The Vancouver Scrum

On the move!

Agh! You’re still here? My new site and weblog, is now up and running; new posts are building up over there, never to be mirrored here. Go! What are you waiting for? All the stuff worth keeping has been migrated over to the new server, and I don’t anticipate making any more posts here.

Bloggers and webmasters: Update your links! Simply replace with in your blogrolls or bookmarks to point to the new site. Old posts will remain on this server for as long as the people at Blogger/Google allow them to remain; unfortunately, I’m not going to bother to come up with any way of converting permalinks on this blog to their corresponding posts on the new site. Yes, I plead laziness. I also realize the irony of switching away from Blogger just it starts to add features that the demanding blog nerds insist upon.

Thanks for reading and linking, and see you over at!

—Ian King, December 13, 2004

Friday, November 08, 2002

It's time for a change: Vancouver voters

A new Vancouver Sun/Ipsos-Reid poll finds that Larry Campbell is way out in front in the Vancouver mayoral race. The poll, which is considered accurate to within +/- 5.4%, shows Campbell with the support of 56% of decided voters, with his chief rival Jennifer Clarke trailing badly at 29%, and Valerie MacLean still further behind, at 17%.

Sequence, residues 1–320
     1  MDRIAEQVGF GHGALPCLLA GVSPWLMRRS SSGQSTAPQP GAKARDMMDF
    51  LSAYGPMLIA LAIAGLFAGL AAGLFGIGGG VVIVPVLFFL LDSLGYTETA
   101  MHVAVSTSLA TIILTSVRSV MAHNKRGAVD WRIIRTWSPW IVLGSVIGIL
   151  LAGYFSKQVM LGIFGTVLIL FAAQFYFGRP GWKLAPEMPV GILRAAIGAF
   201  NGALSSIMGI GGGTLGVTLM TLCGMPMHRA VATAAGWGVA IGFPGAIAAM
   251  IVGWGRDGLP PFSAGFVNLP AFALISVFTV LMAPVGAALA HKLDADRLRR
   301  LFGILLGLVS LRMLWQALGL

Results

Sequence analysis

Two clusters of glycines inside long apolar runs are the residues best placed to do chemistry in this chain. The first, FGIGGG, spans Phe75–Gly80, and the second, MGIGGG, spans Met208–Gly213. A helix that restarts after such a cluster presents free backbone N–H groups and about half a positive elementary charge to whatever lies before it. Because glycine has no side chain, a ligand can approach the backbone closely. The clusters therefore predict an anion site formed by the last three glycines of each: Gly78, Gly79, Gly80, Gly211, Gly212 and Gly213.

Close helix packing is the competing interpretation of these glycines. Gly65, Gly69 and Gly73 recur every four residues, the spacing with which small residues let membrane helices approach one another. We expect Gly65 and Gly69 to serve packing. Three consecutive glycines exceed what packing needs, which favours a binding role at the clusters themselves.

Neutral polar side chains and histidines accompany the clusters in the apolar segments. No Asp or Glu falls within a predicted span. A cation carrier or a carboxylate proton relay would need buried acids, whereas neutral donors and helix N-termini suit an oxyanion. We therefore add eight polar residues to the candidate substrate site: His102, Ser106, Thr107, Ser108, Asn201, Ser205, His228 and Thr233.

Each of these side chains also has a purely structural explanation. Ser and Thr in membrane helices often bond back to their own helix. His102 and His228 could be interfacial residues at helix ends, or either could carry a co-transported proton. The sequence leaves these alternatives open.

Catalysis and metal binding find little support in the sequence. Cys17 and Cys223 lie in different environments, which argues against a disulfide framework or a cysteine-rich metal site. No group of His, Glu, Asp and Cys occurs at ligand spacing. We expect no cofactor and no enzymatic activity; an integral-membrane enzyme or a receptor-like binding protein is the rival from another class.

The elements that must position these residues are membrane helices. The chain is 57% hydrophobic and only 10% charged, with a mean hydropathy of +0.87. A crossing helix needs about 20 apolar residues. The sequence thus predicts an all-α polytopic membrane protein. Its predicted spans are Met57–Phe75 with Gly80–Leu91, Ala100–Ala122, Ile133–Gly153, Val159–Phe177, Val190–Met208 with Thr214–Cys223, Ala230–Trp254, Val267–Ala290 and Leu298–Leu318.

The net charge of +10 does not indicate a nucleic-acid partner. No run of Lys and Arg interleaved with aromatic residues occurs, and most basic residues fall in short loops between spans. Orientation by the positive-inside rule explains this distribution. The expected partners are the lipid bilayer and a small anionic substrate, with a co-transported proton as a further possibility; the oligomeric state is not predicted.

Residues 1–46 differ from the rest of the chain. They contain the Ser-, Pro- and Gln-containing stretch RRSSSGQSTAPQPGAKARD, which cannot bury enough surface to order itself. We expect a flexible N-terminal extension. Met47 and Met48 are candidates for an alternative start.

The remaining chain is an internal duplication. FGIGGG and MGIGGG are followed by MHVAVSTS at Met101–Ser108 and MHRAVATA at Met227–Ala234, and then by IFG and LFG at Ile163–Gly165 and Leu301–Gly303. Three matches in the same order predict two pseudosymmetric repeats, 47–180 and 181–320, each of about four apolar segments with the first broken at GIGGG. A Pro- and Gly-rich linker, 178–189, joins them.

It's also not looking good for Clarke's party, the Non-Partisan Association. 72% of voters said that the current city council, which was dominated by the NPA, does not deserve to be re-elected.

Although 39% of respondents were undecided, Ipsos' Kyle Braid said that the undecided factor is not a major one in local politics. Brais notes in the story that those who haven't made up their minds at this point in a local election campaign are unlikely to vote at all.

From the poll's press release:

"The race isn't over yet, but clearly Jennifer Clarke has a lot of ground to make up" says Kyle Braid, Vice President of Ipsos-Reid in Vancouver. "There appear to be at least two things working against her in this campaign. First, Vancouverites want to see a change in their City Council and she represents the establishment much more than her competitors. Second, it has to be discouraging that despite her nine years of exposure as a City Councillor, she now trails Larry Campbell in awareness among Vancouver voters." Nevertheless Braid cautions Campbell not to celebrate yet, "With the low voter turnout in municipal elections a lot of things can happen. If Clarke's supporters are more motivated than Campbell's, or if Clarke's election-day team is better organized, we could still see a very close result."

Read the tables from the poll for yourself, and draw your own conclusions.
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